Vetyx is invading Eversink. Vetyx’s plan is to hollow out faith in Denari from within until faith collapses. Once collapsed, Vetyx will reap all that faith and worship and grow. Once big enough, it will eat Denari and use Eversink as its burrow. A new God is in town, baby, and Vetyx will eat and eat and eat until it eats the world.

Vetyx will never be satiated because Vetyx is, in truth, a small god of starvation and the flesh. It has no other body than a hungry maw with infinite twisting teeth. It’s a glutton, and its hunger is bottomless.

Background Story

Marketpriestess Elizabeth Vasari was a regular, unassuming, run-of-the-mill Marketpriestess of Denari. She had her little Temple on the corner and her flock. Elizabeth lit the candles, sang the songs, prayed the sermons, and tended to the souls of the locals. She was unmarried and lived with her mum in a small apartment over the local florist.

The Marketpriestess was shopping for a birthday present for her mum in the Grand Marketplace. She spotted a new tent she’d never seen before. No surprise, new tents appear in the Grand Marketplace all the time. This one sold beautifully polished seashells. The Marketpriestess, delighted, held the beautiful conch shells up to her ear one at a time so she could hear the ocean.

The third conch held Vetyx. When the Marketpriestess pressed the conch to her ear, Vetyx crawled into her ear canal. She screamed, dropped the shell on the ground, and fled.

The next few weeks were a grand battle between Vetyx and the mind of Marketpriestess Elizabeth Vasari. Slowly, Vetyx ground down her resolve and then set up shop. Then it remade the local Temple in its own image and forced the Marketpriestess to build its cult.

Marketpriestess Elizabeth Vasari (With Vetyx in Her Head)

Elizabeth: Kind, Humble, Thoughtful
Vetyx: Silver-tongued, Plotting, Hungers

Defense – Health: Hit Threshold 3, Health 6
Defense – Morale: Hit Threshold 4, Grit 2 (Vetyx’s faith), Morale 15
Offense – Sway: +2; Damage Modifier +2 (Vetyx’s convincing scripture)
Abilities: Malus 15
Special Abilities: Allies (cost – 3), Summoning (cost – 3, local worshippers), Mastermind, Persuasive (cost – 3), Warded (cost – 6)
Refresh Tokens: 3

Description: The Marketpriestess is an unassuming priest of the Church of Denari. She does not look much different than other priests of Denari — same frock, same hat, same plain look and plain speech. She is educated but middle class for Eversink.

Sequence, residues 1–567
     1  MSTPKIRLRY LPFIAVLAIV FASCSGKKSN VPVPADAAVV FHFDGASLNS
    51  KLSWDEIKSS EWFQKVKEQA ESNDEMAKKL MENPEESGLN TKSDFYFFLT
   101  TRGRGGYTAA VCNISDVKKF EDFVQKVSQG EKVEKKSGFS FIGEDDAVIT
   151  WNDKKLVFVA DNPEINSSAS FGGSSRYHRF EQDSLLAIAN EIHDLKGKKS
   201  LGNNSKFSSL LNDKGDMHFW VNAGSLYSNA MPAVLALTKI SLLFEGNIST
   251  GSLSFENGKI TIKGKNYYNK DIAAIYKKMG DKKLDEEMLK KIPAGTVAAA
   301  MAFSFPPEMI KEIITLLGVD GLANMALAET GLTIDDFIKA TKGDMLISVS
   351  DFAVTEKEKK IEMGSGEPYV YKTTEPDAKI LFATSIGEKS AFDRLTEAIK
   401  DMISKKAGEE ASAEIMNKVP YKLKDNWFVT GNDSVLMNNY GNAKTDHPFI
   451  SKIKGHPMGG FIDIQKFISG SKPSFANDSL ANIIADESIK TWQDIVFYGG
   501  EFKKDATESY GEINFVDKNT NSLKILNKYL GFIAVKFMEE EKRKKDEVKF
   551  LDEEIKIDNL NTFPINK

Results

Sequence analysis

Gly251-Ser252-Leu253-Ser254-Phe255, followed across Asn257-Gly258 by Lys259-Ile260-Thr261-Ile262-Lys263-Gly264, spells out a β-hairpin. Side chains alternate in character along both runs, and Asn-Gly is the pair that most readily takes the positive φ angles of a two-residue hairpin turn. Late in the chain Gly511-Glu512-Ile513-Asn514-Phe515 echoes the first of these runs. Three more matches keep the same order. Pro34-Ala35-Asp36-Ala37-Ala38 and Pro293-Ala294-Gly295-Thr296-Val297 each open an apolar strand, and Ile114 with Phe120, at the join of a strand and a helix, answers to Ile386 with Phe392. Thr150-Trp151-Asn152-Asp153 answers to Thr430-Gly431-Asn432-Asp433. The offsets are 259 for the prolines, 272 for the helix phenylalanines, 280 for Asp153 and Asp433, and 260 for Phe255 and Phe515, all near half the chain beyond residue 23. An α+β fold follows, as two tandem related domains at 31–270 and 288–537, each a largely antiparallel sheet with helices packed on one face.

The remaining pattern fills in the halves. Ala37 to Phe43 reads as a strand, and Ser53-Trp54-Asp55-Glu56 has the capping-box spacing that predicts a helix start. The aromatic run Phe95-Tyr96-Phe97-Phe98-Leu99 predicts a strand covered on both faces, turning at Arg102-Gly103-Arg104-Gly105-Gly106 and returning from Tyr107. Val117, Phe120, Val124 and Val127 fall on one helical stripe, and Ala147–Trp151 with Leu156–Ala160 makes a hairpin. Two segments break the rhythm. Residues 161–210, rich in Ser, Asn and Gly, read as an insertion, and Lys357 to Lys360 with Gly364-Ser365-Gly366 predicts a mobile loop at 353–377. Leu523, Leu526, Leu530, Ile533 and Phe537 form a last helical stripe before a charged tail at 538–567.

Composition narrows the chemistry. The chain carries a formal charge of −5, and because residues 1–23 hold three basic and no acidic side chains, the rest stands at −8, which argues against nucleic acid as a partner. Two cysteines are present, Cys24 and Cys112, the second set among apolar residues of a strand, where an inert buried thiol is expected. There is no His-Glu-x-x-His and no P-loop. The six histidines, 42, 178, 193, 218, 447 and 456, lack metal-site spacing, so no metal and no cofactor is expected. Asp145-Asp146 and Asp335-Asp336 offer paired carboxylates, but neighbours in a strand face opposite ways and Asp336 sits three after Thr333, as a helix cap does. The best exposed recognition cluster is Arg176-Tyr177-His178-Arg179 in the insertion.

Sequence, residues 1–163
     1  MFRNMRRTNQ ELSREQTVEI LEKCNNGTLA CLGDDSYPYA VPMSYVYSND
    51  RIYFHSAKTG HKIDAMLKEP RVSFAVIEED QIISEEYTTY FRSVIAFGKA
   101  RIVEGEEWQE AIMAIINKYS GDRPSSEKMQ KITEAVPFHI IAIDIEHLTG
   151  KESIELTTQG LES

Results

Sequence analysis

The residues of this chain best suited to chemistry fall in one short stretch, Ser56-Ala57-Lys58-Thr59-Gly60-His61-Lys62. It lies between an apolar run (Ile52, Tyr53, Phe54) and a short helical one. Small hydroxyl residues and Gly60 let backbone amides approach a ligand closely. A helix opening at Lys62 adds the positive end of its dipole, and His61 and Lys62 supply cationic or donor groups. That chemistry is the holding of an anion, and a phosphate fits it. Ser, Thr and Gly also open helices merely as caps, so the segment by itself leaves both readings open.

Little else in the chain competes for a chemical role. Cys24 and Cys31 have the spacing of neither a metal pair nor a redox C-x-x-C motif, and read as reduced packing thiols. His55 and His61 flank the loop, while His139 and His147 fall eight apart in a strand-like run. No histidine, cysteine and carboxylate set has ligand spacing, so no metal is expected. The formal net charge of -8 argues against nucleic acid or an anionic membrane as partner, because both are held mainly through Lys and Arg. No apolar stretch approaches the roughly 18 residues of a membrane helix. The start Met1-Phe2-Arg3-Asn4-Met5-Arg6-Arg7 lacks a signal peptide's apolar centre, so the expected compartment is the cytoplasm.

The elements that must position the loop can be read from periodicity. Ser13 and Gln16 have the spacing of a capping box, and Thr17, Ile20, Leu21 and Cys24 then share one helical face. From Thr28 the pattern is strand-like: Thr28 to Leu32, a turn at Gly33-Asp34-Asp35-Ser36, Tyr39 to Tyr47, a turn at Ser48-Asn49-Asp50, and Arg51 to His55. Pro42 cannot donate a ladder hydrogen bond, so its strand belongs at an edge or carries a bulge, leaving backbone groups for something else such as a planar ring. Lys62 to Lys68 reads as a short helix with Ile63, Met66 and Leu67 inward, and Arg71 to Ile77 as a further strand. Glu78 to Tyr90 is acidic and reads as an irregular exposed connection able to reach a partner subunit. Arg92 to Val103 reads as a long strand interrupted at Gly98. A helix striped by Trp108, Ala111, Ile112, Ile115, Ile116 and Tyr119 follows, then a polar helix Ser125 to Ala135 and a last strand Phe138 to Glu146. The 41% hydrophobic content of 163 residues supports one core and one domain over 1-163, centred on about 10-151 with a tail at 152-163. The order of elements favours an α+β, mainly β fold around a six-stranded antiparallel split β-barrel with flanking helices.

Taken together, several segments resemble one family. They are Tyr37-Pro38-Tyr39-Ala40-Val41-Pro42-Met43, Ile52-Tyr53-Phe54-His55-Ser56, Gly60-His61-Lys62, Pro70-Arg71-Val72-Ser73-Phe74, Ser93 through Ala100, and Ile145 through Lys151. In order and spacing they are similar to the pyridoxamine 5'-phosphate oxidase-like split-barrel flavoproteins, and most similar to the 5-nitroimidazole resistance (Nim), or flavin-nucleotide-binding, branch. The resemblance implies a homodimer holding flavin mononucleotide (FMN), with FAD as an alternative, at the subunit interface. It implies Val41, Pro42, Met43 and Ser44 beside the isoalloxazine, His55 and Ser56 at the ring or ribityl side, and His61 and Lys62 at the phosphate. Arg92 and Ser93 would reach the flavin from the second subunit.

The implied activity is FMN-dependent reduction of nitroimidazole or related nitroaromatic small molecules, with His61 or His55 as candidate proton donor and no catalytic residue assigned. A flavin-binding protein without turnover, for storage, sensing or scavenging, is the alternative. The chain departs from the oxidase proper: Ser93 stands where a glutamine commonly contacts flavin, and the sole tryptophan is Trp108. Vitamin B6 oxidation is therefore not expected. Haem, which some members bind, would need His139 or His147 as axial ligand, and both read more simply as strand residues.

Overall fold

Special Abilities come courtesy of Vetyx. It will speak through the Marketpriestess’s mouth. It will use Marketpriestess Elizabeth Vasari’s powers of persuasion to protect itself, whip up followers and hurtle them at PCs. Attacks are sway attacks, and attack morale. While Vetyx has the power to teach Marketpriestess Elizabeth Vasari Sorcery (Spheres: Hunger, Fear, Flesh), it has not yet, as it does not trust her with its power. It finds her an impure vessel, and it hungers for a better one.

Villainous Plot Seeds

  1. The Inquisitors have a Job for You: The Church has gotten wind that something’s not right at a Temple in Sag Harbor. They’re not sure what, though. The attendance at one of the Temples is through the roof — they haven’t seen attendance to services like this in years. Instead of rewarding the Marketpriestess who leads the congregation, the Church instead employs the PCs to check it out.

  2. Dark Dreams of Denari: The PCs receive disturbing dreams of swans ripped apart by massive jaws. The swans scream as the jaws close around swan bodies and wings and slowly mash the swans into a bloody pulp while the PCs watch. The dreams feature the sound of smacking lips and tongues and horrific slobbering. And then, a black blot grows to blot out the entire world. At the end of the dream, a female voice whispers, “Look for my priestess, Elizabeth.” The dream becomes more vivid each night.